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Epic’s Tim Sweeney reportedly blames Sony for preventing it from passing savings to players

PlayStation caught strays during Sweeney’s latest court appearance
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Sony has caught some stray bullets during today’s court appearance from Epic Games CEO Tim Sweeney.

Sweeney tried to blame the fact that Epic Games isn’t passing savings made from selling V-Bucks, the in-game currency used in Fortnite, through its own platform (so without having to pay fees to a third party) along to customers on Sony, according to The Verge. He’s quoted as saying: “We cannot sell out of PlayStation at a lower price than we sell on PlayStation.”

He continued by stating that this was standard practice for contracts made with PlayStation after Google’s lawyer insinuated that this was shady due to Sony being an Epic Games shareholder. As an example, 1,000 V-Bucks cost $8.99 USD on EGS as well as on consoles, meaning Epic makes more money off of V-Bucks sold via EGS. Theoretically, it could pass those savings to customers by making V-Bucks cheaper on EGS and still make as much as from consoles.

Fortnite ad attacking Apple and referencing Orwell's 1984.

Epic Games launched "Project Liberty" in 2020, a trap designed to force Apple and Google to okay Sweeney's demands.

However, consistent pricing everywhere was likely necessary to get Sony to agree to allow the cross-progression Fortnite players enjoy on its platforms in the first place – it would make little sense for Sony to allow Fortnite players to use skins on PlayStation that they bought for cheap somewhere else.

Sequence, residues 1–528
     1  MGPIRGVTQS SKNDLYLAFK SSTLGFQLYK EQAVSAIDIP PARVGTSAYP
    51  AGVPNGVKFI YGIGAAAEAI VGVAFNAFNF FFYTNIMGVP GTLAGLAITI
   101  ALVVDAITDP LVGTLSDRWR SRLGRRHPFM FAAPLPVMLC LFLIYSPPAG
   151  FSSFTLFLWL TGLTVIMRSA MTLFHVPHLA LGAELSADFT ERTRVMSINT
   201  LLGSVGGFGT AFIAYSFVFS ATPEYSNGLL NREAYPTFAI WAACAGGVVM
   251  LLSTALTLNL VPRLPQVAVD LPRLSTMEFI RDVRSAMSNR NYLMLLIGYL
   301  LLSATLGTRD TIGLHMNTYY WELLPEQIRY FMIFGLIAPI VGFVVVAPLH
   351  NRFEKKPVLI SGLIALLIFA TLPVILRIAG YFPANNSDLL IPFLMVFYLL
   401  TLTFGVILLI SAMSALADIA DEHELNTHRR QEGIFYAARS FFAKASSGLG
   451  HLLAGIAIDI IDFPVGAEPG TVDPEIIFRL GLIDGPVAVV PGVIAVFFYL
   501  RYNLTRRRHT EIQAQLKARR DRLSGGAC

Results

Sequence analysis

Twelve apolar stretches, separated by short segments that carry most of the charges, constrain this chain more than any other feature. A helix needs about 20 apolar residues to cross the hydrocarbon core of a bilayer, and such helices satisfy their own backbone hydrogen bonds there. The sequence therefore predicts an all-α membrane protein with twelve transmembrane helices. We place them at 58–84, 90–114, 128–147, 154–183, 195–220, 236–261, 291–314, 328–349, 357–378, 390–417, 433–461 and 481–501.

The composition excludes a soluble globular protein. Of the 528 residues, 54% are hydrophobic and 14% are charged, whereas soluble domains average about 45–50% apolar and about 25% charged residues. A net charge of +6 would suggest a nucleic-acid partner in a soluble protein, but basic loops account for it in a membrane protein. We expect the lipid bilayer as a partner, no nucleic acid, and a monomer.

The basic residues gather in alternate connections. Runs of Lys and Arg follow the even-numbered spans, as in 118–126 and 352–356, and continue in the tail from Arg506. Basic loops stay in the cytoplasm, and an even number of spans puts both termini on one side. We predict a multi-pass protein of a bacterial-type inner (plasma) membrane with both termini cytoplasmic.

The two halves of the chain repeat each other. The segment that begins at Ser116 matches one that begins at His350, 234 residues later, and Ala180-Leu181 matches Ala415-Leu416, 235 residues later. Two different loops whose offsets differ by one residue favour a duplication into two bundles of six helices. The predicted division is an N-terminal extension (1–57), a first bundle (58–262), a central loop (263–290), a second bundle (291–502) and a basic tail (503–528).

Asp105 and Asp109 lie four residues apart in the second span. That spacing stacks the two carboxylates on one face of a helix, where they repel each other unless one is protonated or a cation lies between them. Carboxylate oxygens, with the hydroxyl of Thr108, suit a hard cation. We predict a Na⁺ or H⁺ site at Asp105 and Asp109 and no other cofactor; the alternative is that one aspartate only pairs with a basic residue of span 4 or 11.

Epic and Google are currently locked in a legal battle surrounding the attempts by the developer and publisher to sell V-Bucks on the Google Play Store version of the game through other stores by showing players two different buttons: purchase V-Bucks on Play Store for a higher price (higher, because of Google’s fees) or purchase them through the Epic Game Store for a lower price (lower, because of the lack of fees for Google). Naturally, most players would choose the second option, opting to save money, and thus leading to a loss for Google.

Google argued that this is against the Play Store’s terms of service, throwing Fortnite out of its store as punishment.

Epic wants to force Google to let Fortnite back on the Play Store on top of allowing it to put the purchasing options described above into the game, essentially asking Google to stop enforcing its own policies – and that could have massive ramifications.

In today’s session, Sweeney said that it would be “awesome” if Epic could avoid paying Google any fees and stated that the company would make “billions of dollars” from such a solution. He pointed out that Microsoft and Apple were not making any money from V-Bucks being sold on a PC running Windows or a Mac running iOS.

Sweeney also admitted that Fortnite wasn’t doing as well on the Samsung Galaxy Store as it likely would on the Google Play Store.

Epic Games actually raised prices in Fortnite across the board earlier this year, as well as letting go a substantial amount of employees.